Peter

  9. #9
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    Default Re: hive lumber

    > a 5 gallon bucket of water

    The gift that keeps on giving ....
    Graham
    USDA Zone 7A Elevation 1400 ft

  10. #10
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    Default Re: hive lumber

    Not worth the trouble to use it this year. Buy new lumber, and get it dry for next year.

    Crazy Roland

  11. #11
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    Default Re: hive lumber

    I'm just finishing building boxes from wood I got from a mill last Fall. I had it indoors in about 35% humidity for months. The thing I couldn't believe was how much the dimensions changed. Some boards that started out 9 5/8" ended up being closer to 9 3/8" - losing a full quarter inch. And this lumber wasn't crazy wet to start with...

    Adam

  12. #12
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    Default Re: hive lumber

    Wood does change dimension as its moisture content changes. It happens in our houses all the time. Sometimes we never notice. I have one door that touches the floor all summer long then in the winter it swings free. (I have been saying for years that I am going to fix it.)

    I am sure that the same thing happens to our bee boxes, but we don't notice it, so it doesn't bother us. I doubt that few of us have deeps that are exactly 9 5/8" all year long.

    I agree with those who suggest that Ben save this lumber for next year, but if he is stuck he might take a chance and cut the boxes a little oversize and give them a try. The problem is, as was stated, how much over size to cut them.
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    Ralph

  13. #13
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    Default Re: hive lumber

    Quote Originally Posted by psfred View Post
    If you want to dry that lumber faster than air drying, you must enclose the lumber and the de-humidifier in a sealed box with a vapor barrier of some sort. Otherwise you are just attmepting to de-humidify the air in the entire neighborhood and it won't make a bit if difference to the lumber.

    Peter
    Say what? and what other method do you know of to dehumidify. That is actually used on lumber anyway. I understand your point about making it a smaller volume of air to dehumidify and I agree with that. but it is still only dehumidifying the neighborhood. If is just a smaller neighborhood. so if that makes no difference to the wood how will it help?

    Okay I do know a thing or three about drying wood. ramp up the heat. and I mean just short of boiling. do not case steam to form in the wood it will destroy it. then expose it to cold air repeat. about 3 repetitions and your wood will be dry. Just in case you really want to know. moving water requires energy. heat is energy. add energy water moves. is no longer in wood. That is your physics lesson for today boys and girls.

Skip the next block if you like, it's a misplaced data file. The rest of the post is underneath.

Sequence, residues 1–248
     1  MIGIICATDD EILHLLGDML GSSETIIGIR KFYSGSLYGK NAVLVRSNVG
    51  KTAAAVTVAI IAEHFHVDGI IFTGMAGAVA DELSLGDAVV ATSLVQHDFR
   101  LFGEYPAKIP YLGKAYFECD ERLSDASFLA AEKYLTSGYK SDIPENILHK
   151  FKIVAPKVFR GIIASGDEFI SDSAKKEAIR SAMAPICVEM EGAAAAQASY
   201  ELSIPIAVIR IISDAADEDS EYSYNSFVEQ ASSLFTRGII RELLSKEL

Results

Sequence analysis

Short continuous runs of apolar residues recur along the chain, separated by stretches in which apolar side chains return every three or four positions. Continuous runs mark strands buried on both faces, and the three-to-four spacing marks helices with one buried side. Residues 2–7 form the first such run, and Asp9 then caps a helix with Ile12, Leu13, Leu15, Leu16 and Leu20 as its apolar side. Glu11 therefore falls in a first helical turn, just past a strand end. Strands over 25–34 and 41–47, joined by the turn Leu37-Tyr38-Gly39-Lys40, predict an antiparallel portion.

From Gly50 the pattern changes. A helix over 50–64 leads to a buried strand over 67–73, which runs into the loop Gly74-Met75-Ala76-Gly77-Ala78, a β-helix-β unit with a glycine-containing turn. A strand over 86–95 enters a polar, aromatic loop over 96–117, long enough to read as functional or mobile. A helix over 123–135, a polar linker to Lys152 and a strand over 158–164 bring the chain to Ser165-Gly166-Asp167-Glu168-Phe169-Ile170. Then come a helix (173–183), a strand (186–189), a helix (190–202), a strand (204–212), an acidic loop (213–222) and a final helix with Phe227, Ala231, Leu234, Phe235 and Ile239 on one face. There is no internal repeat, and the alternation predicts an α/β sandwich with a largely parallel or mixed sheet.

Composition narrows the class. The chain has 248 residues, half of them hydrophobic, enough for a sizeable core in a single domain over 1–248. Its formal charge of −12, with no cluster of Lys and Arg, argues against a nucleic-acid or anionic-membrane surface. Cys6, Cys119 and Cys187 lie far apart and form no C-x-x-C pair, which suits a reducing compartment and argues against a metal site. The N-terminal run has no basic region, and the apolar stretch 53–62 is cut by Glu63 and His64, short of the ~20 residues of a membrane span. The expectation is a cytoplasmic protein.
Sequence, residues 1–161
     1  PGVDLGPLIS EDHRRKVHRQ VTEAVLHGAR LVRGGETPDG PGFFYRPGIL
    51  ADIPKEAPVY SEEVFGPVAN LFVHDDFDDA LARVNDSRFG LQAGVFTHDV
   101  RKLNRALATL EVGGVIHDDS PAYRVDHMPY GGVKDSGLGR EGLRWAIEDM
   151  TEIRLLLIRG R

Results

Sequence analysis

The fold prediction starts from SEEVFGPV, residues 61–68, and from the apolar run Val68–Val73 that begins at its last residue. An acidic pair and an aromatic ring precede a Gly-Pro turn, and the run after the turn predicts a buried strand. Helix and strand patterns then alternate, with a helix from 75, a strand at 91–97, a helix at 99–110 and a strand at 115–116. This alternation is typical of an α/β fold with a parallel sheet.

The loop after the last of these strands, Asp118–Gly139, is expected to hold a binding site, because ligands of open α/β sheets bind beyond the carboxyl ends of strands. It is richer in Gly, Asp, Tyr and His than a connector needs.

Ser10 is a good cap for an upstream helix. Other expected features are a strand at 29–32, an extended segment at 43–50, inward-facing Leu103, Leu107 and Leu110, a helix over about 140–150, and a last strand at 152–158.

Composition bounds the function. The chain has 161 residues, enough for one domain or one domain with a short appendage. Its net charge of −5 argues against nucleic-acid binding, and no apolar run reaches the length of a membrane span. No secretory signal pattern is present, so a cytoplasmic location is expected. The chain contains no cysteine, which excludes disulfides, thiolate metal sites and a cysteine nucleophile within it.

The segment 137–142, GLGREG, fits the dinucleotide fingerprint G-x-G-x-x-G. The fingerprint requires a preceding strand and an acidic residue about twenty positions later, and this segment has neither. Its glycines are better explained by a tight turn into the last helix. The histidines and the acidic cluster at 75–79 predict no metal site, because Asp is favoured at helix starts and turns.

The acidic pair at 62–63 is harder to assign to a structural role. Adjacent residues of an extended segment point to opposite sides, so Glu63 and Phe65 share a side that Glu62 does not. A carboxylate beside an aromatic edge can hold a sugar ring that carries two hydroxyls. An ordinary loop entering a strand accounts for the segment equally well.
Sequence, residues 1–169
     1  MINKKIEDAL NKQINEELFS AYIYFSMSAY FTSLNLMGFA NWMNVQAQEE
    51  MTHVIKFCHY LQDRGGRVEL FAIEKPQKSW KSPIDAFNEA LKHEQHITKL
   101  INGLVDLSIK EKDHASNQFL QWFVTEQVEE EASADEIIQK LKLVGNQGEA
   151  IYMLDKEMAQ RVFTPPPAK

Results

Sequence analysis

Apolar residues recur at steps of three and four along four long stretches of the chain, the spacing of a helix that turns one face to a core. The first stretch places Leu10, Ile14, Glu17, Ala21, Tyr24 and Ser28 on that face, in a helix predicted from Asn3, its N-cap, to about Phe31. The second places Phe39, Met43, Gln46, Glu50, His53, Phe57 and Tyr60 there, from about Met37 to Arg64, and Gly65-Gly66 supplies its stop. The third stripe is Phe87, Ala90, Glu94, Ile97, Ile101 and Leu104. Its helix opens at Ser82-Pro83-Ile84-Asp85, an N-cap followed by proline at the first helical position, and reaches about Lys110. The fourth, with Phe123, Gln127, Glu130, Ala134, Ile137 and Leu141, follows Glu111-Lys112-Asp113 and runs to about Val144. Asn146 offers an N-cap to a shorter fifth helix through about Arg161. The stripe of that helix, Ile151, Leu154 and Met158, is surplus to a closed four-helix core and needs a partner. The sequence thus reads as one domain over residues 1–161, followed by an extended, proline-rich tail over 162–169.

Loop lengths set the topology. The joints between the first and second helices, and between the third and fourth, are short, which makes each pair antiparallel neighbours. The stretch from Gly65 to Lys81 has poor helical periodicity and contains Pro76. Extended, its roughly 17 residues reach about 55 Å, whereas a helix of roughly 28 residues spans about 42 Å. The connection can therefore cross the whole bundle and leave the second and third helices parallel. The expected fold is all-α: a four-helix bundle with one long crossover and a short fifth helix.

I can dry wood in a microwave in 30 minutes or less. and that is from sunkin at the bottom of the lake to bone dry. I have done it hundreds of times.

    Another method and I don't recommend it plus your wood will be far to large to consider it anyway. boil it. boiling ruptures the cells of the wood causing moisture to be released faster.

    final suggestion. go to sawmillcreek.org and ask woodworkers how to handle wood.
    Last edited by Daniel Y; 03-23-2013 at 07:19 AM.
    Stand for what you believe, even if you stand alone.

  14. #14
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    Default Re: hive lumber

    Quote Originally Posted by ralittlefield View Post
    The problem is, as was stated, how much over size to cut them.
    You got the shrink rate right here:
    Some boards that started out 9 5/8" ended up being closer to 9 3/8" - losing a full quarter inch.
    That is why I said 3/8 bigger for a deep and 1/4 for a medium.

    BC, most people don't have fasteners out to within a 1/16 of an inch. How do you do that without splitting?
    Brian Cardinal
    Zone 5a, Practicing non-intervention beekeeping

  15. #15
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    Default Re: hive lumber

    DAniel,

    the microwave technique you describe will destroy anything thicker than about a 1/2"....widespread checking and internal stress

    Microwave kilns are great, but they still take much longer than 30 min to dry wood in a controlled, consistent way that does not case harden or honeycomb the material.